No sunny cliches from Sixers GM Elton Brand on eve of opener

Noah Levick
NBC Sports Philadelphia

CAMDEN, N.J. - The day before a season begins, you expect plenty of optimism, excitement and sunny clichés. That's not what general manager Elton Brand provided on Monday, ahead of the Sixers' season opener Tuesday night in Boston. 

"Our expectations are to grow the team," Brand said. "Gearing towards the playoffs, we're just a better team than we were last year. Honestly, I say we have a lot of work to do. We're not where I want to be right now. I'm not sure what the players feel about that. I know coach wants to see more growth and improvement. We have a lot to work on."

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On the surface, Brand's assessment would appear to be a stark contrast from the mindset of his head coach. From Day 1 of training camp, Brett Brown has said this team's goal is to play in the NBA Finals.

But since Day 1 of camp, Brown has also acknowledged the improvements the Sixers still need to make and anticipated the issues his team will face, especially as Markelle Fultz is integrated into the starting lineup.

"I'm not saying we're going to win 42 games, 56 games, I'm not saying any of that," Brown said Monday. "I want to be better when it matters most. And that may take a little bit of time and we may experience some pain along the way."

Brand is on the same page: Regular-season bumps are inevitable. After all, the Sixers likely won't have either of their two non-rookie offseason acquisitions, Wilson Chandler and Mike Muscala, Tuesday against the Celtics. Chandler is out with a left hamstring strain suffered in the first preseason game and is still "a ways away" from returning. Muscala is doubtful with a right ankle sprain.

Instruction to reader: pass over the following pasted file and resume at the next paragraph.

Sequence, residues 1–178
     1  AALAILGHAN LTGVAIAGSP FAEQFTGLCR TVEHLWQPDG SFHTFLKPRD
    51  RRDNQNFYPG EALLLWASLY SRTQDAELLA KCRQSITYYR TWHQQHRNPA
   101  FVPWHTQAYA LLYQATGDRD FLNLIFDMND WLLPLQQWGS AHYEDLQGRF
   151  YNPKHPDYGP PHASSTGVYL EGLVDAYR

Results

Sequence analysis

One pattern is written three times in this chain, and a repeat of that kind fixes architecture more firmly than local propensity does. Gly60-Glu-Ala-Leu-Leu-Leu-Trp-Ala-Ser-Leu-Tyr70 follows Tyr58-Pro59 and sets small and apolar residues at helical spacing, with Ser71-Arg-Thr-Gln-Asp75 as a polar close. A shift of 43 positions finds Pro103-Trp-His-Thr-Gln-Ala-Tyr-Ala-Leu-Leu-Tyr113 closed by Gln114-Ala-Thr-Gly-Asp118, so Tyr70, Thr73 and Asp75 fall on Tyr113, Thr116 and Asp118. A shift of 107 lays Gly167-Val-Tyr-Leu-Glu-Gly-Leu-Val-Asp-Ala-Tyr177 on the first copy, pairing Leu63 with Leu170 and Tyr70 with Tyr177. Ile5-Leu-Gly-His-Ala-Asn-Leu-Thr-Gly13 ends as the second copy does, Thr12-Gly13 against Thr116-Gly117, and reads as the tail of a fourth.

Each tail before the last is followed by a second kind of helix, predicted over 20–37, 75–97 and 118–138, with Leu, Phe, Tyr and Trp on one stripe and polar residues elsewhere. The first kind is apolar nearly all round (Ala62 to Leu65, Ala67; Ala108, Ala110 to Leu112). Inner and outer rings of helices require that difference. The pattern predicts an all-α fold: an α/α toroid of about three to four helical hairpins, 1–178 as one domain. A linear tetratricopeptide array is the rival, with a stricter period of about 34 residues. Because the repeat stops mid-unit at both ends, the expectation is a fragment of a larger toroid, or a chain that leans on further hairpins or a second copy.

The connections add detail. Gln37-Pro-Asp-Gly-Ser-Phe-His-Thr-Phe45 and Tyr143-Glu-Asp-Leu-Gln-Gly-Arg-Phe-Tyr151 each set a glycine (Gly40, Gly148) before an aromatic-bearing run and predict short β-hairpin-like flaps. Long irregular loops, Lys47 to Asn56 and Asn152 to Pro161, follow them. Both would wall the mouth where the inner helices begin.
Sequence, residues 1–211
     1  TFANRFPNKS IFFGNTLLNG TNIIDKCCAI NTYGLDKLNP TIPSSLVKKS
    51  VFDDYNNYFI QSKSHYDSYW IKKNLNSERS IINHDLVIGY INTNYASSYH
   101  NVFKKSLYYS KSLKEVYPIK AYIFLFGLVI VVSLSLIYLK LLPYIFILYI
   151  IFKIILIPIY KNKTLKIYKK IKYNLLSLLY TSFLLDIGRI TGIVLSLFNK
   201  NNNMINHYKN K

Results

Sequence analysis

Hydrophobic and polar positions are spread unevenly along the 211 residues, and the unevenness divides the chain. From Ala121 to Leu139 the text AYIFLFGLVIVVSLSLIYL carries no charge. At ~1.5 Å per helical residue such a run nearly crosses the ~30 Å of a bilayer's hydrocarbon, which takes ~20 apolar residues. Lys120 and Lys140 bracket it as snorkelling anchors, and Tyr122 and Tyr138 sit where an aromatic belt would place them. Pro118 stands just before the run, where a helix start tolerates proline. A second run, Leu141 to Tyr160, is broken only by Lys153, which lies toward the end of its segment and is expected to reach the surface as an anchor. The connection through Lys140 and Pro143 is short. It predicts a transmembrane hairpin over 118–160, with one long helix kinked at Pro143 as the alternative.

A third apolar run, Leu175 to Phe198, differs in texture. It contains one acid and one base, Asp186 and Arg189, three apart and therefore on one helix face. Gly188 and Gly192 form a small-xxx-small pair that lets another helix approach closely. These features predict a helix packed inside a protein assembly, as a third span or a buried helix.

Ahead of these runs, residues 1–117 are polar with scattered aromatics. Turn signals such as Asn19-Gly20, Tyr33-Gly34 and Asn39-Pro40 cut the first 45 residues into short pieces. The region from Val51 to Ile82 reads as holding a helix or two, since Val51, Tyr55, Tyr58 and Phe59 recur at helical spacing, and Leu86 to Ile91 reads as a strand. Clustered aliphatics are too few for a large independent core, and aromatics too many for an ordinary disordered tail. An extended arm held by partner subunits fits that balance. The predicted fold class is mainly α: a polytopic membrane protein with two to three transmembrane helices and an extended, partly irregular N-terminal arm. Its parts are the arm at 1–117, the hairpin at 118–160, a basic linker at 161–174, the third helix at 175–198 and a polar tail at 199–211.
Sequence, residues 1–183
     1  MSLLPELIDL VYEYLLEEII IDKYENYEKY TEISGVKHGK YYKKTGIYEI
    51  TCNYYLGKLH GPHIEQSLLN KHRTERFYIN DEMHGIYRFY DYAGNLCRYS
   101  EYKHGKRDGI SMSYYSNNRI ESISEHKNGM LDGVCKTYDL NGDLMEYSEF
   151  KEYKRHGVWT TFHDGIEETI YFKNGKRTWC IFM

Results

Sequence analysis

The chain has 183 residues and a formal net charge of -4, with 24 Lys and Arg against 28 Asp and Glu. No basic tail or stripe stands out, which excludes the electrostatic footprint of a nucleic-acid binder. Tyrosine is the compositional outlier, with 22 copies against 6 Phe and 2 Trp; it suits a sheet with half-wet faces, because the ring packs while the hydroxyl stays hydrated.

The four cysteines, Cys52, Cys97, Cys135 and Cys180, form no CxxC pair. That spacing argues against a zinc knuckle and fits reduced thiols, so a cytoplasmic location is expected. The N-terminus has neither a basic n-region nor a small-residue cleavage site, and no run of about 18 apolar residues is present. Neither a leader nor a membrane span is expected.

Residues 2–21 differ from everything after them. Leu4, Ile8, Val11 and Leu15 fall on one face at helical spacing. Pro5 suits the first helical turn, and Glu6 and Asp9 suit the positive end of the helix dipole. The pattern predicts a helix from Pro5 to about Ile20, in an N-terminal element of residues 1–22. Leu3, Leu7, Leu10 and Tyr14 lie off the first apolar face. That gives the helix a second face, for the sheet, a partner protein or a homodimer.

That should result in more minutes for players like Amir Johnson, Landry Shamet and T.J. McConnell as Brown adjusts to life without Marco Belinelli, Ersan Ilyasova and two of the main players he thought would replace them off the bench.

"I'm most curious about seeing how we gel," Brand said. "We lost Marco, we lost Ilyasova. That's what I'm looking forward to seeing because the goal is to be ready for the playoffs."

Brown is steadfast that an Eastern Conference title is the right goal for his team to have.

"I've said from the start, I want to play in the NBA Finals," Brown said. "And somebody asked, ‘if you don't, would that make it a failure?' No. But how can that not be our goal this year? In my mind and in my head, I don't feel comfortable not owning that as a goal."

Brand, when asked if that goal was realistic, had a tempered answer.

"My goal is to get deeper in the playoffs. I'm not going to say it's not realistic," he said, "but that is a goal."

It makes perfect sense for any general manager (expect, perhaps, Bob Myers in Golden State) to see the flaws in his team and have an eye toward solving those issues. And again, it's not as if Brand's expectations are a world away from those of his head coach, who acknowledged again Monday that the Fultz and Simmons pairing "is not a perfect world fit."

But Brand's admission that his team "is not where I want to be right now" just before the start of the season is unusual. It's a telling sign of the Sixers' rapid growth that Brand isn't content with a team fresh off a 52-win season with two young, budding stars. He wants more, and he's realistic in admitting that the early-season version of the Sixers probably won't look like a team ready to play in the NBA Finals. 

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